73. Perry B (2010) Taking the medical sciences seriously: why and how medical sociology should incorporate diverse disciplinary perspectives. In: Pescosolido BA, McLeod JD, Martin JK, Rogers A (eds) The handbook of the sociology of health, illness, and healing: blueprint for the 21st century. Springer, New YorkGoogle Scholar
  74. Perry BL, Pescosolido BA (Forthcoming) Children, stigma and mental health. In: Pilgrim D, Rogers A, Pescosolido BA (eds) The handbook of mental health and mental disorder. Sage, Thousand Oaks, CAGoogle Scholar
  75. Perry BL (2009) The ripple effect: social network dynamics, social location, and strategies of interaction in mental illness careers. Dissertation, Department of Sociology, Indiana UniversityGoogle Scholar
  76. Pescosolido BA (1990) The social context of religious integration and suicide: pursuing the network explanation. Sociol Q 31:337–357Google Scholar
  77. Pescosolido BA (1991) Illness careers and network ties: a conceptual model of utilization and compliance. In: Albrecht GL, Levy JA (eds) Advances in medical sociology. JAI Press, CT, pp 161–184Google Scholar
  78. Pescosolido BA (1992) Beyond rational choice: the social dynamics of how people seek help. Am J Sociol 97:1096–1138Google Scholar
  79. Pescosolido BA (1994) Bringing Durkheim into the 21st century: a social network approach to unresolved issues in the study of suicide. In: Lester D (ed) Emile Durkheim: le suicide – 100 years later. The Charles Press, Philadelphia, PA, pp 264–295Google Scholar
  80. Pescosolido BA (1996) Bringing the “community” into utilization models: How social networks link individuals to changing systems of care. In: Kronenfeld J (ed) Research in the sociology of health care, vol 13. JAI Press, Greenwich, CT, pp 171–198Google Scholar
  81. Pescosolido BA (2006a) Of pride and prejudice: the role of sociology and social networks in integrating the health sciences. J Health Soc Behav 47:189–208Google Scholar
  82. Pescosolido BA (2006b) The sociology of social networks. In: Bryant CD, Peck DL (eds) The handbook of 21st century sociology. Sage Publications, Thousand Oaks, CA, pp 208–217Google Scholar
  83. Pescosolido BA, Boyer CA (1999) How do people come to use mental health services? Current knowledge and changing perspectives. In: Horwitz AV, Scheid TL (eds) A handbook for the study of mental health: social contexts, theories, and systems. Cambridge University Press, New York, pp 392–411Google Scholar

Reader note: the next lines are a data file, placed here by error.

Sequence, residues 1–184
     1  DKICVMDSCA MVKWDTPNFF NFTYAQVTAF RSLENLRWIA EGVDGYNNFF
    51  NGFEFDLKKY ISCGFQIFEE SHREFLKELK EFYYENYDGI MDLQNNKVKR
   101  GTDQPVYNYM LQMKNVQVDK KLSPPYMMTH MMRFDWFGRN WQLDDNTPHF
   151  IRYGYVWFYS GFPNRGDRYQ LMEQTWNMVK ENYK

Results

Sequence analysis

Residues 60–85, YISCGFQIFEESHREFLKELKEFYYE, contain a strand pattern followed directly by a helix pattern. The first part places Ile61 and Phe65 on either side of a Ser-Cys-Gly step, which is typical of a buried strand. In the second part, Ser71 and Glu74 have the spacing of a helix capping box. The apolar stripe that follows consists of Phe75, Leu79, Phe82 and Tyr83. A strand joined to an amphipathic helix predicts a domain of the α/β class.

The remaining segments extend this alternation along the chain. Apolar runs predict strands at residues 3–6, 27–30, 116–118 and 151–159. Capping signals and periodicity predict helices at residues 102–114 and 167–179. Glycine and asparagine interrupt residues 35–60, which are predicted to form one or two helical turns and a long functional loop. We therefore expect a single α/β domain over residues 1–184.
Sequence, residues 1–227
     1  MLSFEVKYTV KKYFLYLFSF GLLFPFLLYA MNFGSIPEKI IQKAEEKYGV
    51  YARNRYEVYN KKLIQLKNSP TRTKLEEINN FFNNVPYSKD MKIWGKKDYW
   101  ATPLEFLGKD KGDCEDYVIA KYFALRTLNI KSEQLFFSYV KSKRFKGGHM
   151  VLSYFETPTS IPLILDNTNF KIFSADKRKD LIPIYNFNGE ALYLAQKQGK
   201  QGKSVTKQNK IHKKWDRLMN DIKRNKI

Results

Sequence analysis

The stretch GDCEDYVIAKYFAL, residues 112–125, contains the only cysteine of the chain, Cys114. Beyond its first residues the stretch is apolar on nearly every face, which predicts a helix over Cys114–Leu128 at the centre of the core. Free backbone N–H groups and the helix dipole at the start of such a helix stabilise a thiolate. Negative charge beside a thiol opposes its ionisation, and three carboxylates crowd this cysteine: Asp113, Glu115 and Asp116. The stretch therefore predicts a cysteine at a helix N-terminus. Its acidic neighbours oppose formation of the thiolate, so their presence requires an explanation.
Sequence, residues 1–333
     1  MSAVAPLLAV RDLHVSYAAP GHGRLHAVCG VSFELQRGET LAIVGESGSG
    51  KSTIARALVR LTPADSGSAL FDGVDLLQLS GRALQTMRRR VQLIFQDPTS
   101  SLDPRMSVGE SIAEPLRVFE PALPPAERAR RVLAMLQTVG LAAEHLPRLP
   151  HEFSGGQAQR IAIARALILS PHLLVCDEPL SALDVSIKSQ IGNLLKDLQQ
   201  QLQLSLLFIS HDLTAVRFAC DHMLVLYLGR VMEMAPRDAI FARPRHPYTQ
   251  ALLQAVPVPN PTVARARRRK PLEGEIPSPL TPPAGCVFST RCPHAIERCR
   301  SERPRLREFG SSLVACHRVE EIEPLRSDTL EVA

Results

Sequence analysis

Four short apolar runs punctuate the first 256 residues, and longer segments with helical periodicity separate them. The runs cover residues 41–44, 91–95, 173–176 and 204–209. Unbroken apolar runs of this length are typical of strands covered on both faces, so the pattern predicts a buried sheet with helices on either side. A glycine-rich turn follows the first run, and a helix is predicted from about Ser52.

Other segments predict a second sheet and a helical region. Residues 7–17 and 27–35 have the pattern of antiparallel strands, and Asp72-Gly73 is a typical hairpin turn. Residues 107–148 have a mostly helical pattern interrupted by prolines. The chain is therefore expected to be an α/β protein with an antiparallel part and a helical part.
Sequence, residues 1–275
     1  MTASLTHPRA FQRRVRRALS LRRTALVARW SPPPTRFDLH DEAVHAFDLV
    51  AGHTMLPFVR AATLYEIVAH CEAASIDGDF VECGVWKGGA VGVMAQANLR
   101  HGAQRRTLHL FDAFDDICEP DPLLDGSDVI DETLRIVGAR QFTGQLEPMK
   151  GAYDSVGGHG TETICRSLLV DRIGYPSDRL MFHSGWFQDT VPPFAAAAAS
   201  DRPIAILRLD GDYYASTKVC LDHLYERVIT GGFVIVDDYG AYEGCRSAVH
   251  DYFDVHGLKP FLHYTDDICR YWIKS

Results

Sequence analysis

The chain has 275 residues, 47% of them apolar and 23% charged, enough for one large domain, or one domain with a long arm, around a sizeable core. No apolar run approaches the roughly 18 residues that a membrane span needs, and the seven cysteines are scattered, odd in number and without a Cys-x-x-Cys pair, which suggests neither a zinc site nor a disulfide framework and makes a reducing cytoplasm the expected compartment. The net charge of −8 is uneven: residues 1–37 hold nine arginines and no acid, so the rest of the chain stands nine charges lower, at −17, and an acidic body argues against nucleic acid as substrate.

84. Pescosolido BA, Boyer CA (2010) Understanding the context and dynamic social processes of mental health treatment. In: Horwitz AV, Scheid TL (eds) A handbook for the study of mental health: social contexts, theories, and systems. Cambridge University Press, New York, pp 420–438Google Scholar
  85. Pescosolido BA, Wright ER, Sullivan WP (1995) Communities of care: a theoretical perspective on care management models in mental health. In: Albrecht G (ed) Advances in medical sociology, vol 6. JAI Press, Greenwich, CT, pp 37–80Google Scholar
  86. Pescosolido BA, Brooks-Gardner C, Lubell KM (1998a) How people get into mental health services: stories of choice, coercion and ‘muddling through’ from ‘first-timers’. Soc Sci Med 46:275–286Google Scholar
  87. Pescosolido BA, Georgianna S (1989) Durkheim, religion, and suicide: toward a network theory of suicide. Am Sociol Rev 54:33–48Google Scholar
  88. Pescosolido BA, Levy JA (2002) The role of social networks in health, illness, disease and healing: the accepting present, the forgotten past, and the dangerous potential for a complacent future. Soc Networks Health 8:3–25Google Scholar
  89. Pescosolido BA, Mendelsohn R (1986) Social causation or social construction? An investigation into the social organization of suicide rates. Am Sociol Rev 51:80–101Google Scholar
  90. Pescosolido BA, Olafsdottir S (2010) The cultural turn in sociology: can it help us resolve an age-old problem in understanding decision-making for health care? Sociol ForumGoogle Scholar
  91. Pescosolido BA, Rubin BA (2000) The web of group affiliations revisited: Social life, postmodernism, and sociology. Am Sociol Rev 65:52–76Google Scholar
  92. Pescosolido BA, Wright ER, Alegria M, Vera M (1998b) Social networks and patterns of use among the poor with mental health problems in Puerto Rico. Med Care 36:1057–1072Google Scholar
  93. Pescosolido BA, Olafsdottir S, Martin JK, Long JS (2008a) Cross-cultural issues on the stigma of mental illness. In: Arboleda-Florez J, Sartorius N (eds) Understanding the stigma of mental illness: theory and interventions. Wiley, London, pp 19–35Google Scholar